Stryke one

Iraq, as a weapons testing laboratory? Maybe the wheeled vehicle craze isn't such a good idea after all. I think that it is an interesting insertion point for the stryker. Note that this model has an ugly looking improvised protective screen around it - that was designed to further protect it from RPGs after people realized the stock model wasnt going to do the job. It still doesnt do the trick - this stryker was hit with one RPG. The attack occured in or around Mosul, no word on casualties as of yet. The choice of Iraq as the testbed for these vehicles will be a real trial by fire, but that fits in with the Iraq as a testing laboratory idea, doesn't it?

Of course, I also should point out that we told you so. Anyway, its not that we have any particular foresight on these military matters, we just apply basic intelligence. And the real failing of the US current military minds is not these little strategic gaffes that we point out, it is not that the US needs a lighter faster force or a tougher, more armored force, its not a question of strykers vs. bradleys, or this vehicle or weapons system vs that other one. The US fails on a much larger scale, in the belief that the military can carry out a task that no military has EVER been able to successfullly complete -- pacification. All this focus on "urban warfare" is a joke, and its not something the military can do, it serves only as a poor euphemism for military occupation and failure.


More on Friedman (moron Friedman)

I just returned from Spain, and was there through the Madrid bombings and the electoral aftermath. Let me say in no uncertain terms that the idiot pundits who are accusing Spain's voters of caving to al-Qaeda should go and fuck themselves until they're raw and bloody. Public sentiment in the country is palpable. Every shop in every city has black ribbons on its windows. As a public show of grief and resoluteness, it feels exactly like the American Flags that went up all over New York right after 9/11. (And, yes, I was in Manhattan then, too.) More importantly, though, every square in every city that I visited is filled with candle memorials to the dead. These memorials are plastered with printouts with messages like: "no to terror, no to war;" "no to al-Qaeda, no to ETA;" and my personal favorite "Aznar, it was your war, but they're our dead."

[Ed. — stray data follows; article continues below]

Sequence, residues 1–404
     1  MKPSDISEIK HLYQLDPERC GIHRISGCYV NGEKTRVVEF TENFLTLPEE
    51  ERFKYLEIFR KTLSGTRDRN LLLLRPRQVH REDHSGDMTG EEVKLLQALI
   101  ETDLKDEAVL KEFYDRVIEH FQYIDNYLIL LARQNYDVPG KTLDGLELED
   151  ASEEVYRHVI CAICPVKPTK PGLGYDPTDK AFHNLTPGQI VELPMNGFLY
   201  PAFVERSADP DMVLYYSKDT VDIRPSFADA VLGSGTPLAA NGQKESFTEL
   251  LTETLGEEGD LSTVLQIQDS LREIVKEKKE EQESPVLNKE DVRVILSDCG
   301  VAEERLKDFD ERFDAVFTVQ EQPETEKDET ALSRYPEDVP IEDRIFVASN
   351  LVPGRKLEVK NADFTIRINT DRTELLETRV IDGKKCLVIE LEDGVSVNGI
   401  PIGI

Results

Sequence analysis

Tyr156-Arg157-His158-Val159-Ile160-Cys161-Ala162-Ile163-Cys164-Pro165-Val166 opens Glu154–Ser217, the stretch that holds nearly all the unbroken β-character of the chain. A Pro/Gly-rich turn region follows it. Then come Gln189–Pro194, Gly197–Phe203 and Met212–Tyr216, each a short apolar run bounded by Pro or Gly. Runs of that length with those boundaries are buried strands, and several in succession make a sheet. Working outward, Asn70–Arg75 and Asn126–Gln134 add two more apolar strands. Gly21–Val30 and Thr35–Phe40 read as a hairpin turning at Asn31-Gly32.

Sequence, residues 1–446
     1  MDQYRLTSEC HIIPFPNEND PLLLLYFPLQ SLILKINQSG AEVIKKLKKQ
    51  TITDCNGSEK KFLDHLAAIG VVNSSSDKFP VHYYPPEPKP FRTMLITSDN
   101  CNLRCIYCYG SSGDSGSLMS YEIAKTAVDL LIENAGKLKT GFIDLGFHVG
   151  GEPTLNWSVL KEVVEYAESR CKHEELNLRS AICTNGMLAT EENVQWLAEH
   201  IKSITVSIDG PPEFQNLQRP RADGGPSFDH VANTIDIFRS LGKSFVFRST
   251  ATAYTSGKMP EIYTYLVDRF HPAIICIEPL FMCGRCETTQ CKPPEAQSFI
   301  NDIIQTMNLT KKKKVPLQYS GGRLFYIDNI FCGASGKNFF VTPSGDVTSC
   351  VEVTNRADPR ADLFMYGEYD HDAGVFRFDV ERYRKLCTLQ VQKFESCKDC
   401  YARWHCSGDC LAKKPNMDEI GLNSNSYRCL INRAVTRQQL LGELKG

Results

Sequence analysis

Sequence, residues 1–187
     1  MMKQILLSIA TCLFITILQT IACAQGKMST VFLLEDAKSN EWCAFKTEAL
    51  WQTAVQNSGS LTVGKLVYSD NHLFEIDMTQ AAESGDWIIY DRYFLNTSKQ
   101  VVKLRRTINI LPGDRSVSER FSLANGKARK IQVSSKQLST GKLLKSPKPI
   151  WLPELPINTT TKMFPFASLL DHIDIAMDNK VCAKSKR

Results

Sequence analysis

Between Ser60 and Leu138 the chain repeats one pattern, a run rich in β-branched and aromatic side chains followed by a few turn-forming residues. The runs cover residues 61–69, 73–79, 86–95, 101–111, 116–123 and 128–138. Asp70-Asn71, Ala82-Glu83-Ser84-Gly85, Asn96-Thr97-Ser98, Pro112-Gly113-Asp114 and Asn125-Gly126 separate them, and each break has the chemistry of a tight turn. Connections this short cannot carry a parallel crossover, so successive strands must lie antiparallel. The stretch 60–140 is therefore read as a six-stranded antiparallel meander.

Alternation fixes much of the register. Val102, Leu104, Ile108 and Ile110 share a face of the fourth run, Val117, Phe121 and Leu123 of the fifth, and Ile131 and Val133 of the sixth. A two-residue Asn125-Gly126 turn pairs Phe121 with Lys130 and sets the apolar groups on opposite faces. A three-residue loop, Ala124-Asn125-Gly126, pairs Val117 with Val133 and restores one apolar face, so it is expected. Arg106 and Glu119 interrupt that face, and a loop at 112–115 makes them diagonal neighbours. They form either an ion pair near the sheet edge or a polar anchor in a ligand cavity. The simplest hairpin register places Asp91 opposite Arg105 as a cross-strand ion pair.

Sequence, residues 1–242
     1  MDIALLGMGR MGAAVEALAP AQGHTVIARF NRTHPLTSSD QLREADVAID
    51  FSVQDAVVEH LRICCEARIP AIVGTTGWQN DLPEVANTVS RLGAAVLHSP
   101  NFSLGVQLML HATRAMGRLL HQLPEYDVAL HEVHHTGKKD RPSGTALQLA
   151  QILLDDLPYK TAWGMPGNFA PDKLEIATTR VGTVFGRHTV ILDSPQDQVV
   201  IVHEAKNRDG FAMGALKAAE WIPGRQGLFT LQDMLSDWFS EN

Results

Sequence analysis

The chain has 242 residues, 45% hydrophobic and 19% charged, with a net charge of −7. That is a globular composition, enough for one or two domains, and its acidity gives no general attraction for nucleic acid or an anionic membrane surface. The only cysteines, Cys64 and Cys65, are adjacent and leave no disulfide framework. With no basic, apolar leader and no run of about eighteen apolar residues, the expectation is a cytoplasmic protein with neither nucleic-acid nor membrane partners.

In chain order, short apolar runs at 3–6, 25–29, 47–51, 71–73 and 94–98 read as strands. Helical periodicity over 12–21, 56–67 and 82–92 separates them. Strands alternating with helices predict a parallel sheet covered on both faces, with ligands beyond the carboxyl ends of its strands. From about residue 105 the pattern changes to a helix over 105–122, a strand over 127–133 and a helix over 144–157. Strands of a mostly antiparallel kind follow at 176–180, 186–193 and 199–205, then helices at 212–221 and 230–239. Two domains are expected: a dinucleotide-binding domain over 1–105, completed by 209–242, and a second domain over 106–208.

Immediately after the bombings, there were spontaneous anti-ETA protests. Two days later, when the al-Qaeda connection became known, that anti-ETA sentiment was redirected at Aznar's government for their continued efforts to pin the blame on the wrong group. In this sense, it was a perfect reflection of the Bush administration's bait-and-switch by connecting Iraq with 9/11. Unlike the American public, however, the Spanish didn't take the bait.

So, rather than caving to the terrorists, Spaniards are actually steeled to fight terrorism--and are under no illusions that Iraq had anything to do with that fight. Anyone who says otherwise is dead wrong.


Polish rationale for the Iraq war

Then: BBC NEWS | Europe | Poland seeks Iraqi oil stake: "Polish Foreign Minister, Wlodzimierz Cimoszewicz, said his country had never disguised the fact that it sought direct access to the oilfields" ... and Now: BBC NEWS | Europe | Poland was 'misled' over Iraq WMD.

This is what sour grapes sound like. Perhaps, for some reason, Poland isn't getting its cut?


Friedman and the case of the vanishing American intelligence

Can someone please convince the management of the New York Times to fire Thomas Friedman? Friedman has had some really stupid columns over the years, but this one has to rank right up there near the top, perhaps just one step behind his "France-is-the-enemy-of-the-US" crapfest a while back.

Can we please drop the "appeasement" bullshit act? We're not in the 1930s and the "terrorists" aren't coming from Nazi Germany. Pulling a few Churchill quotes out of your ass doesn't make you look intelligent - it makes you look like a jackass for having such a silly view of history.

No one in Spain wanted their soldiers to go and fight in Iraq in the first place and no one ever got around to liking it. So-called lovers of democracy should, in fact, be applauding the Socialist party's victory in Spain: Spanish voters got rid of an autocrat who ignored overwhelming and strong popular opinion against this war and whose party still has not a few Franco-era fascists. This is a victory for democracy.

But when people like Friedman have a point to make, what use is something like history - either a few months ago or a few decades?

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